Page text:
Soil from this Anglo-Scandinavian burial in Hungate, York, was analysed to see what its chemical composition could tell us about the grave. (PHOTO: Dr Matthew Pickering)
In the early days of archaeology, human remains were often treated as an afterthought, deemed unable to tell us much about past populations. As we are well aware today, though, this could not be further from the truth, and in more recent decades the study of human bones has become a major component of archaeological research. But, despite this skeletal success, there is another key aspect of burials that remains relatively under-researched: the grave soil.
While some facets of soil analysis have become more commonplace – such as the identification of pollens or other plant materials that may shed light on the surrounding environment at the time of burial – for the most part this is new and uncharted territory. Yet the first exploratory research projects are now beginning to examine what soil analysis can and cannot tell us about interments.
Chemical analysis of the burial environment has the potential to offer a wealth of information. Soil from around the torso and pelvis can be used to assess the contents of an individual’s stomach and intestines, potentially leading to the identification of their last meal, signs of parasitic infection, or their microbiome (the community of micro-organisms that lived inside them). The technique could also be used to help identify organic grave goods that may have disintegrated with time. And it could be used to discern the location and position of human remains that have completely degraded into the soil, at the same time giving us a better understanding of the environmental conditions that lead to such destruction.
In an effort to lay some of the foundations for this promising avenue of research, a study – carried out as part of the InterArChive project by researchers from the University of York, and recently published in the Journal of Archaeological Science – assessed the soil from two graves from Hungate, York. One dated to the city’s Roman occupation, and the other to York’s Anglo- Scandinavian period. During the excavation, the team took soil samples from around different areas of each grave, specifically concentrating on key anatomical locations, such as the head, pelvis, and feet. To be able to identify chemical characteristics unique to each grave, they also took samples from the grave-fill immediately above the skeletons, as well as from other locations on the site that were not near any burial.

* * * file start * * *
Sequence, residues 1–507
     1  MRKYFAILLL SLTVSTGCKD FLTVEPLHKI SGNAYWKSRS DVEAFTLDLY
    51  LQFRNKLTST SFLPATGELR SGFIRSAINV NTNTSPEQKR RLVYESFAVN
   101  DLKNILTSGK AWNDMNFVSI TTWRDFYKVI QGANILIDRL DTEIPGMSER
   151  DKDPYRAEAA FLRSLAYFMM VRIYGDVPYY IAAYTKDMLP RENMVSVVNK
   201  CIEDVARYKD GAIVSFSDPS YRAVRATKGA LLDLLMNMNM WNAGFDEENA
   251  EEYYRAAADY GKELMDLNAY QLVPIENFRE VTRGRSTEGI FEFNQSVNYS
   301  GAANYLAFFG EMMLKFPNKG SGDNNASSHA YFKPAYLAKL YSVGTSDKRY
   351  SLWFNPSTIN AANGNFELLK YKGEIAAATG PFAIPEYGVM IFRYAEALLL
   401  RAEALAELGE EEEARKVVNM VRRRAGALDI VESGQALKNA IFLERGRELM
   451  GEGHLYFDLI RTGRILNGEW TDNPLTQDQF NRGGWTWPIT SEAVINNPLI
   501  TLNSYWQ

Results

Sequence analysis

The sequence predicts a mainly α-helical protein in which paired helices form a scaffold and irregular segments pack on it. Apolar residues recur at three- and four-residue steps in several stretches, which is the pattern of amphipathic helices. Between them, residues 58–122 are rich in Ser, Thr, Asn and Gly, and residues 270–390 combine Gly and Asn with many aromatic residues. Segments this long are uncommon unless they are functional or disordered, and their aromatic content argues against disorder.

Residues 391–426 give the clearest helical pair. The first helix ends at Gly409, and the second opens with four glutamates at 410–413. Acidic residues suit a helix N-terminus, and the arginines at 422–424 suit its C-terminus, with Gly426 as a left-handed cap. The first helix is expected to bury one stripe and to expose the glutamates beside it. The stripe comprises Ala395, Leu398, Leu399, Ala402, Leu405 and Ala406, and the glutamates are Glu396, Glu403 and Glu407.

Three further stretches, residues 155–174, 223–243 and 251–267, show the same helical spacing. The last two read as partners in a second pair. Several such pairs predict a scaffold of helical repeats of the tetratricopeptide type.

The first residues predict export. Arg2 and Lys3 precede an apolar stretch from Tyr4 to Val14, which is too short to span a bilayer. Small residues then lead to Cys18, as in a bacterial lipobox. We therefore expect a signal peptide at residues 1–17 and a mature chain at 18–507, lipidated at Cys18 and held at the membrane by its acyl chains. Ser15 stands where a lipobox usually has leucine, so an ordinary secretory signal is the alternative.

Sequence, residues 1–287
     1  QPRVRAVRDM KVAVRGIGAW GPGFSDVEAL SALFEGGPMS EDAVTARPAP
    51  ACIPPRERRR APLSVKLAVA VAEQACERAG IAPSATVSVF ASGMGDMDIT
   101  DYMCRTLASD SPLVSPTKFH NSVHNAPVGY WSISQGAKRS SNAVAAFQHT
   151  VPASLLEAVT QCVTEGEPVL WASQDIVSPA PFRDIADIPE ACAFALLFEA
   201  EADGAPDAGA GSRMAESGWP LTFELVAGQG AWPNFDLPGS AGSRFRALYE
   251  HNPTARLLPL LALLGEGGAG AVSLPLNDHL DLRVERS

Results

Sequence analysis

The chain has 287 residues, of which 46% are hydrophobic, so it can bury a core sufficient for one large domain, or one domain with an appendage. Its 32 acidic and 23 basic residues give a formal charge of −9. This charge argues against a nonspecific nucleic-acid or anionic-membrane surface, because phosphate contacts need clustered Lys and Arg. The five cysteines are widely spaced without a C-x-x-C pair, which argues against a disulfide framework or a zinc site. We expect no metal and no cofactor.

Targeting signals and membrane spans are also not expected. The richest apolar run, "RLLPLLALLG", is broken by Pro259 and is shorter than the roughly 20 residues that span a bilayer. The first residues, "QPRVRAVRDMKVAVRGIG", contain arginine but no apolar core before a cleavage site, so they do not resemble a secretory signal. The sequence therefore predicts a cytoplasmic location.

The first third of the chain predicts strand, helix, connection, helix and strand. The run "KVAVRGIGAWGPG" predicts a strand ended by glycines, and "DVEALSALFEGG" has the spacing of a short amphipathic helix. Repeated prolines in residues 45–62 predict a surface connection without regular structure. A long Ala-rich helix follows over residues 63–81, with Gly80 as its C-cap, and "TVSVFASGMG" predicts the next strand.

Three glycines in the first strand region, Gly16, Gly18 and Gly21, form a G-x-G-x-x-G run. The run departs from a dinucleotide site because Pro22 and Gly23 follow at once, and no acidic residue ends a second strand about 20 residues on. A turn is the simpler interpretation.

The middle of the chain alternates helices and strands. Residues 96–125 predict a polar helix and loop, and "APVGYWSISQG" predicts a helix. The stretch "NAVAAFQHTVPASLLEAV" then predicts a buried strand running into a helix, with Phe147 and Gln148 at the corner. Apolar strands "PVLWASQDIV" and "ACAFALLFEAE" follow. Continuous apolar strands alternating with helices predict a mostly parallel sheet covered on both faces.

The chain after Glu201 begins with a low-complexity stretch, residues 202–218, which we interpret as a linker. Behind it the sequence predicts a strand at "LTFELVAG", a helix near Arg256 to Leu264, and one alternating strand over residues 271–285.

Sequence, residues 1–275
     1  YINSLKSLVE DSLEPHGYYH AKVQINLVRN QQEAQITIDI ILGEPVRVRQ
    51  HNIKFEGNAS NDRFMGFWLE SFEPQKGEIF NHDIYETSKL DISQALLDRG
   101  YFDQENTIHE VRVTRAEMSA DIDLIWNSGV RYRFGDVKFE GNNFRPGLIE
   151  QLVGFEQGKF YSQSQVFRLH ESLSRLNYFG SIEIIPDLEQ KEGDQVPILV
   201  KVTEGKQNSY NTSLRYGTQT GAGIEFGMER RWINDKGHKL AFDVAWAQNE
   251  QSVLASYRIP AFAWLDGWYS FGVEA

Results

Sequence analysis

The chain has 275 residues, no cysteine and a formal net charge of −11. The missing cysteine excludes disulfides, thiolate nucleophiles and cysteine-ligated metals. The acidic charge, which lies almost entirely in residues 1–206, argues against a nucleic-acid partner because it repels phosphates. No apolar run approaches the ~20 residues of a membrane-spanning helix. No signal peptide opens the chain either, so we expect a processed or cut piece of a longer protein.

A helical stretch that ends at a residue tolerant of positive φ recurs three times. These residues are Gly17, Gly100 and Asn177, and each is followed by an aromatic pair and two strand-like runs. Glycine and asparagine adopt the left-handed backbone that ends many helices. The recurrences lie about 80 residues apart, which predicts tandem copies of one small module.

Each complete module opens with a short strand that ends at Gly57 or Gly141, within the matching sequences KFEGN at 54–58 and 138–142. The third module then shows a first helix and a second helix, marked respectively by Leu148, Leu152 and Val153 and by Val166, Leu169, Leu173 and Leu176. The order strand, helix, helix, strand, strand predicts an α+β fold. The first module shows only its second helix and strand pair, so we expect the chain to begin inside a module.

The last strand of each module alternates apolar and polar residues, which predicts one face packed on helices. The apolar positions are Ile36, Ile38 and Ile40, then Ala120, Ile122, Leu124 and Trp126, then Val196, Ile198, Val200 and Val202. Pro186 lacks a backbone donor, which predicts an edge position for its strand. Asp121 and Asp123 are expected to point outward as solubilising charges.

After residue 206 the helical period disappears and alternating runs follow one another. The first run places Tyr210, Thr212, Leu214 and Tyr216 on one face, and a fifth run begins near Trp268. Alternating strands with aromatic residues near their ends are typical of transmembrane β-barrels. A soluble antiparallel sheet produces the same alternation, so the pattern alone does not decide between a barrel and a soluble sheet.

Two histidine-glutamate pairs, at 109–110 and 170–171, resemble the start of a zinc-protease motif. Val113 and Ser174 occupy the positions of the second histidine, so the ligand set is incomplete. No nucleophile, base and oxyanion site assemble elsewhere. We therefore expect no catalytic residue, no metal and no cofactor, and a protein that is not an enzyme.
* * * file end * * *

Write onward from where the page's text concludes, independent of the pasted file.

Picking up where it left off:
Through different chromatography methods that separated out the various chemical components of each soil sample, the team was able to the identify some characteristics that were unique to the burials. In both instances, elevated levels of triacylglycerols (TAGs) were identified. As these are a primary component of animal fats, it is believed that they were derived from decomposed adipose (fat) tissue – an idea that was supported by the fact that the largest concentrations of TAGs were found in the area of each individual’s torso.
High concentrations of cholesterol were also present. Cholesterol is a significant component of archaeological bone, so this is not an unexpected find, but its identification does raise the possibility of its distribution in a grave potentially being used to identify the location and position of human remains that have not survived. Much more work needs to be done in this area, however, before such analysis can become a viable technique.
In addition to cholesterol, coprostanol – a chemical compound formed from cholesterols in the gut of many animals, including humans – was identified. Its presence is often used as a biomarker for faecal matter. Logically, then, in the Anglo-Scandinavian grave, coprostanol was found in samples taken from around the pelvic region, probably signifying the decomposition of the gastrointestinal tract. In the Roman grave, however, high levels of coprostanol were discovered throughout the soil. These are probably due to contamination from the Anglo-Scandinavian cesspit that was located near the burial. It is believed that seepage from this pit significantly contributed to the accelerated decalcification and subsequent decomposition of some of the bones.
Overall, this study was able to provide a detailed analysis of the chemical components of each grave, highlighting the fact that the soil is, as the paper outlining these results notes, ‘a valuable unexploited archive of information’. Further research into this area will only continue to expand this methodology, and it is likely that sometime in the future, grave soil will be considered as important an archaeological resource as the skeletons buried within it.
This article appeared in CA 346.